The written word has come a long, long way since Johannes Gutenberg invented the printing press in the 16th century – from Shakespeare folios, through Gothic horror, feminist samizdat, modern journalism and, of course, Fake News. But it’s not just the method that’s changing but the way we read. Just a decade ago it seemed impossible we’d all get our news not just from cellphones but third-party, social media platforms. Today most of us can barely get out of bed without checking our news feeds, photos or DMs.
Perhaps that’s not great news. What is, is that global literacy rates have soared. Fifty years ago almost a quarter of young people couldn’t read. By 2016 that was less than 10%. Over 750 million adults are illiterate, however – which is why the United Nations has occasions like International Literacy Day, welcomed in countries across the planet with a host of schemes and drives to get people reading.
With that in mind, Red Herring chronicles some of the newer technological breakthroughs that have changed the way we read forever. Tell us what you think we’ve missed in the comments below. Then, tonight, pick up a book.
1. Home computers
Until the first home computers arrived in 1975, most all humans got information from books, newspapers or the television. Then along came IBM and the world changed almost overnight. Nowadays the idea of a home without some sort of computer is barely imaginable, even in the developing world. And though its black-and-green interface seems a galaxy away from today’s pin-sharp screens, there isn’t much to differentiate those early reading experiences from those on a current home computer – at least, in the sense you’re reading words. And that’s about it, really.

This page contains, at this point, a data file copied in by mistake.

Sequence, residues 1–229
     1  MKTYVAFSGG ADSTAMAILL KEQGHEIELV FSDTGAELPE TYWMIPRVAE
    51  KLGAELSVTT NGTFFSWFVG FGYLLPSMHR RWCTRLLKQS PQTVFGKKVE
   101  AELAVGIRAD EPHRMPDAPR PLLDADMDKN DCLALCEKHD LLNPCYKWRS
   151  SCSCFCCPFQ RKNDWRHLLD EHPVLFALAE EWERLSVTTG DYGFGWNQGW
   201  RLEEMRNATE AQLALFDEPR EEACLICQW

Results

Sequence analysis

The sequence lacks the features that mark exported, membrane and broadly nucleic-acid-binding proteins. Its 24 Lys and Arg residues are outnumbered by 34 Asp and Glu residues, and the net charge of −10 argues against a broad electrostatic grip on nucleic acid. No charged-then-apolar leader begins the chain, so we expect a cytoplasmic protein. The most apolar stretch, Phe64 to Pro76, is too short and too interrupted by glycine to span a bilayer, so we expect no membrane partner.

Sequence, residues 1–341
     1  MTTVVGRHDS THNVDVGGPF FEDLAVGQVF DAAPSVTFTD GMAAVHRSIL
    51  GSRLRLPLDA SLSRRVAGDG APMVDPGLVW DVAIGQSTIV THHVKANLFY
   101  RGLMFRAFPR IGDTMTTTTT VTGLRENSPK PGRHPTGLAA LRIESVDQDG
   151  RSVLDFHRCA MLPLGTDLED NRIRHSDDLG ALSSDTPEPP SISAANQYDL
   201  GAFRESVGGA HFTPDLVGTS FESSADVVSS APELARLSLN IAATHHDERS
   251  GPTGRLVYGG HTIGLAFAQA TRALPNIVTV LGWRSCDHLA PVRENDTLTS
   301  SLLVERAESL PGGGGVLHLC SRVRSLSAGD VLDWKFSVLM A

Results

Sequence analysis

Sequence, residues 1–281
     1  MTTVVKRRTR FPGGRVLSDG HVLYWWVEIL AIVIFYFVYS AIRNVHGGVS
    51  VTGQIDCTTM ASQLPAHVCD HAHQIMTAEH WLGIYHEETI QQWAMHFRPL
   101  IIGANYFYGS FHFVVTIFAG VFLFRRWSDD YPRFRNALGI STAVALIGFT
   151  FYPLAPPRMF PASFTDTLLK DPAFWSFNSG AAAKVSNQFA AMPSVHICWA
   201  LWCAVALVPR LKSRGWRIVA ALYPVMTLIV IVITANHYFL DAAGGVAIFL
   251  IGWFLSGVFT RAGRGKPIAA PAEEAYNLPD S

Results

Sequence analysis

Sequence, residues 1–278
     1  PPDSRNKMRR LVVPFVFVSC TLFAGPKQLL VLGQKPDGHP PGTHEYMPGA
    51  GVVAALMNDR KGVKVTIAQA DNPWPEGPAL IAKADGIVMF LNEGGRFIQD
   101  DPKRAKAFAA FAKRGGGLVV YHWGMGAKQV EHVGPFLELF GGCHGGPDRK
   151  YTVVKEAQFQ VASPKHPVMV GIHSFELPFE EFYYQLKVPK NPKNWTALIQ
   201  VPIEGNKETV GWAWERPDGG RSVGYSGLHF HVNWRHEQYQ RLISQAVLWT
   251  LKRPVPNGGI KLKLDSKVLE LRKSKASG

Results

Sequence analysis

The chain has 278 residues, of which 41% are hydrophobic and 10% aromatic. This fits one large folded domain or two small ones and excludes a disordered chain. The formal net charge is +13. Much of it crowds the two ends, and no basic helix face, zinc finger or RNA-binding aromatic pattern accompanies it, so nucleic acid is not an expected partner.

NuvoMedia unveiled the first e-reader in 1998, the Rocket eReader, and made its Mountain View, California-based creators a pretty penny when the company exited to Gemstar-TV Guide just two years later for $187m. Since then almost every major electronics manufacturer has tried its hand at the product. But the most popular by far has been Amazon’s Kindle (unless you count Apple’s iPad): it peaked at 23.2m units in 2011, and has since tailed off to just 7.1m sales in 2016. That has prompted many in the media to herald the death of the e-reader – though the enduring popularity of e-books (266m were sold in 2017 and comprise a quarter of all book sales) suggests it has at least left a hefty footprint on the publishing industry.
Are you reading this article on a smartphone? Probably, according to research: last year 85% of American adults received some of their news from mobile devices – a huge increase from 2016’s 72%, and just 54% in 2013. That has changed not only the way we consume, but the entire news media. Imagine Breitbart, Slate or Vox existing in a print world? As the media industry has democratized it has brought some unsavory players, and so-called ‘fake news’ has become a bete noire of the digital media industry. Time will tell whether it beats truthful reporting. This writer hopes not – but who knows for sure.